I taught High School ROTC for a number of years after I retired from Service. I found the attitudes of kids to be challenging, found there is a chance to impact some of the youth today. Literaly, turn them around. There were some troubled and misguided kids that are now serving and I still hear from some of them. At one time, 2001, I had a former student enrolled at the USMA in every class and one that was the Cadet Captain of his class. He took his commission and left for Ft. Rucker to become a Rotor Head. That made me feel like I got through to some of them.

Yes, the bottom line is kitchen table learning. Because that is what the SGM and I did. We talked, taught and communicated better than the parents did or could.

TwoDogs said...

I agree. It is very important that kids get this 'kitchen table' learning. One problem that seems to be common today is that the kids do not even have 'kitchen table' time. We found that time - as hard as was - we still found a time to sit down at the table as a family. CJ's comment from the previous post hits home as to the 'why this is important'. In the U.S., the public education system seems to be lacking some of the most important 'teachings' regarding why this Country came about. GB's example of the all volunteer army tells me that all is not lost. But to turn this mess around, the people who are looked up to the most are going to have take up the slack. And Mom and Dad, if you are not in the top 5 - you need to start doing something different before it is too late.

Cissy Apple said...

I wonder how many of those people who called our Vietnam vets "baby killers" had abortions or believe that it's ok to kill an innocent life as long as that baby's in the womb or on the way out?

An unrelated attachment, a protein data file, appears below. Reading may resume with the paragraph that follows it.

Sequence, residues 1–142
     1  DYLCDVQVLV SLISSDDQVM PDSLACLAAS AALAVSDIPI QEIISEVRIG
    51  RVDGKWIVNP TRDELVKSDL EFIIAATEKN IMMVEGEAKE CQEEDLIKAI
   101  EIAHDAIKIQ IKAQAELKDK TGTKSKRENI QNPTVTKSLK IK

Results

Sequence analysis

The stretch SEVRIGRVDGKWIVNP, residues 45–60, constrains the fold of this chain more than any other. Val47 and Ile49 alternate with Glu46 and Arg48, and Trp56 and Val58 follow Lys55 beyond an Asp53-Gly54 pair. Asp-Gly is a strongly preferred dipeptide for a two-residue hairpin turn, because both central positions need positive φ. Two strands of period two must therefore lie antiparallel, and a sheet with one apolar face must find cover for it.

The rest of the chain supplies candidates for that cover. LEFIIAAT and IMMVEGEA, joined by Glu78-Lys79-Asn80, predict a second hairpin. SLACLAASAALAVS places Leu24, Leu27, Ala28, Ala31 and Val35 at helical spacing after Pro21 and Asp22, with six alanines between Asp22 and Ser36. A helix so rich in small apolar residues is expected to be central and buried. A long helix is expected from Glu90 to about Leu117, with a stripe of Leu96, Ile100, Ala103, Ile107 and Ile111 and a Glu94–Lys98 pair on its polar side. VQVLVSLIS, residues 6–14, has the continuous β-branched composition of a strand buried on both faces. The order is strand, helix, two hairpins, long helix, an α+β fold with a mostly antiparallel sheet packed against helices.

cj said...

Maybe it's up to us to pick up the slack for some of those lacking what we had.

I try to have relevent conversations with my students. I try to get them to think. I'm not sure I succeed but I try.

One of my favorite 'lessons' is to show them what the WH site says about the Second Amendment. I then show them what th Second Amendment truly says and I try to get them to understand the difference. It's a small thing, but we've got to start somewhere. They're not stupid, just self-involved and sheltered.

cjh

Greybeard said...

OPD-
What percentage of kids today are exposed to ROTC?
For heavens sake, how many are even exposed to the Boy Scouts?
You help make my point...
Scouts and ROTC are a lotta work for someone not looking far into the future. Thank God you can positively motivate a few, but those numbers are MUCH fewer today than they were say, 50 years ago, aren't they?

TD, your point is well taken. I know in the Greybeard family we all too often went to our "separate corners" to eat dinner because we were "busy" or our schedules were so disconnected. Still, the fact that Big Bubba had a Dad at home, and was living with his original Mom AND Dad seemingly gave him an advantage over most of his classmates.
Thanks for your comment bro.

Cissy, I often wonder...
How can you be anti-capital punishment and pro-choice?
Beats me, but many... maybe MOST lefties are.

CJ-
We never know what effect our actions will have on others, including some of this younger set. A neighbor boy I always thought was an extreme pain came back to our home as an adult and told me he considered me the closest thing to a Dad he had while growing up...
Made me reflect on how I had treated him on many occasions, but he expressed appreciation for my care. A word or a kindness from you may make all the difference to one of those kids away from home.

The Old Man said...

Y'all know I was RA. My kids are a leetle more conservative politically than I (but not fiscally). Now more than ever is the time to prepare for "which we are about to recieve". Don't give thanks, get ready.
But all we can do is our best. Again.

kberree said...

I completely agree. So glad that my girls had a father and 2 grandfather's that served. They have a real appreciation for all those who did and what it brought to their lives.
kathy gore berree